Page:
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Semantic integration in sentences and discourse: Evidence from the N400

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Van Berkum,  Jos J. A.
Neurocognition of Language Processing , MPI for Psycholinguistics, Max Planck Society;

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Hagoort,  Peter
Neurocognition of Language Processing , MPI for Psycholinguistics, Max Planck Society;

Brown,  Colin M.
Neurocognition of Language Processing , MPI for Psycholinguistics, Max Planck Society;

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Citation

Van Berkum, J. J. A., Hagoort, P., & Brown, C. M. (1999). Semantic integration in sentences and discourse: Evidence from the N400. Journal of Cognitive Neuroscience, 11(6), 657-671. doi:10.1162/089892999563724.


Cite as: http://hdl.handle.net/11858/00-001M-0000-0013-2140-4
Abstract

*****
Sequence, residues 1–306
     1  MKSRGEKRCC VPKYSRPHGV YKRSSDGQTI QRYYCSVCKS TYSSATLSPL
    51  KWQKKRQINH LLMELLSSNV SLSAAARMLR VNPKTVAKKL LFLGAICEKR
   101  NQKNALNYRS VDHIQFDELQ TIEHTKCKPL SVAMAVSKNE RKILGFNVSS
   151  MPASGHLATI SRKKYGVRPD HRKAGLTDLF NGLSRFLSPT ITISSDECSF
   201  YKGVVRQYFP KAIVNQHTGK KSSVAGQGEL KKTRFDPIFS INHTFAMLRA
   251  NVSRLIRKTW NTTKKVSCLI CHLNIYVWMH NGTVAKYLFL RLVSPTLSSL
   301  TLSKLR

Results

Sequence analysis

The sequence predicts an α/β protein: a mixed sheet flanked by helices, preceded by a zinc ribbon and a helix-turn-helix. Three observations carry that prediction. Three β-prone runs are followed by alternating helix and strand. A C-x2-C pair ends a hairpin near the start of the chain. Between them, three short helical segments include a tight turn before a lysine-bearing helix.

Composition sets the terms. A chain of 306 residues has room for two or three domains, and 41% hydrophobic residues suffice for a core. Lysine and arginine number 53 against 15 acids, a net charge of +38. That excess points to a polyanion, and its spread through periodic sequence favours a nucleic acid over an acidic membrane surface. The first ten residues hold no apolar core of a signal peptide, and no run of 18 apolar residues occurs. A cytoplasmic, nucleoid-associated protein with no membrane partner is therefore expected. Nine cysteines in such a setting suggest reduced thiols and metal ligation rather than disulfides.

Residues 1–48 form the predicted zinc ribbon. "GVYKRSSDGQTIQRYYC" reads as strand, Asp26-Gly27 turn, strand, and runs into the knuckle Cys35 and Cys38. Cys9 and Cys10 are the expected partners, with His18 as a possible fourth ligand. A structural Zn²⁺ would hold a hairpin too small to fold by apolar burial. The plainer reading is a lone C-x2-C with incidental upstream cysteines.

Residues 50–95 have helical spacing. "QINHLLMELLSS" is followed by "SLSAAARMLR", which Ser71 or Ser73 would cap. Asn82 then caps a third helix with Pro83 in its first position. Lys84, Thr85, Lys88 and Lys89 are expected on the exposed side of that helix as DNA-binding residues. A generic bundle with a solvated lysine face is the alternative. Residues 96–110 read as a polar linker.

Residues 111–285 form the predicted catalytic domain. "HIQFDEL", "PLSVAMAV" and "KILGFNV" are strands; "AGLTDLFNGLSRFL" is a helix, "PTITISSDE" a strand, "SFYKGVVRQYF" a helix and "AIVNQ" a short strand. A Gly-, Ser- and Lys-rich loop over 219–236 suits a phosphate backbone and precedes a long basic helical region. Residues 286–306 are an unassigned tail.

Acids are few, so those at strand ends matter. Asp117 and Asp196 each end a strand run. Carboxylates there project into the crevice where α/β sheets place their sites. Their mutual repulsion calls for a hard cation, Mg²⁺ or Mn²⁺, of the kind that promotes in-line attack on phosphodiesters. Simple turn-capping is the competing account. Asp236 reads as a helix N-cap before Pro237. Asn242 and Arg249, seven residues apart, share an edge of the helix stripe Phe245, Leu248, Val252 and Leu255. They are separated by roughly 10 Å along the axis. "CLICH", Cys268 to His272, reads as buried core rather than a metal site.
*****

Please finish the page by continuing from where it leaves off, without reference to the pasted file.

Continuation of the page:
In two ERP experiments we investigated how and when the language comprehension system relates an incoming word to semantic representations of an unfolding local sentence and a wider discourse. In experiment 1, subjects were presented with short stories. The last sentence of these stories occasionally contained a critical word that, although acceptable in the local sentence context, was semantically anomalous with respect to the wider discourse (e.g., "Jane told the brother that he was exceptionally slow" in a discourse context where he had in fact been very quick). Relative to coherent control words (e.g., "quick"), these discourse-dependent semantic anomalies elicited a large N400 effect that began at about 200-250 ms after word onset. In experiment 2, the same sentences were presented without their original story context. Although the words that had previously been anomalous in discourse still elicited a slightly larger average N400 than the coherent words, the resulting N400 effect was much reduced, showing that the large effect observed in stories was related to the wider discourse. In the same experiment, single sentences that contained a clear local semantic anomaly elicited a standard sentence-dependent N400 effect (e.g., Kutas & Hillyard, 1980). The N400 effects elicited in discourse and in single sentences had the same time course, overall morphology, and scalp distribution. We argue that these findings are most compatible with models of language processing in which there is no fundamental distinction between the integration of a word in its local (sentence-level) and its global (discourse-level) semantic context.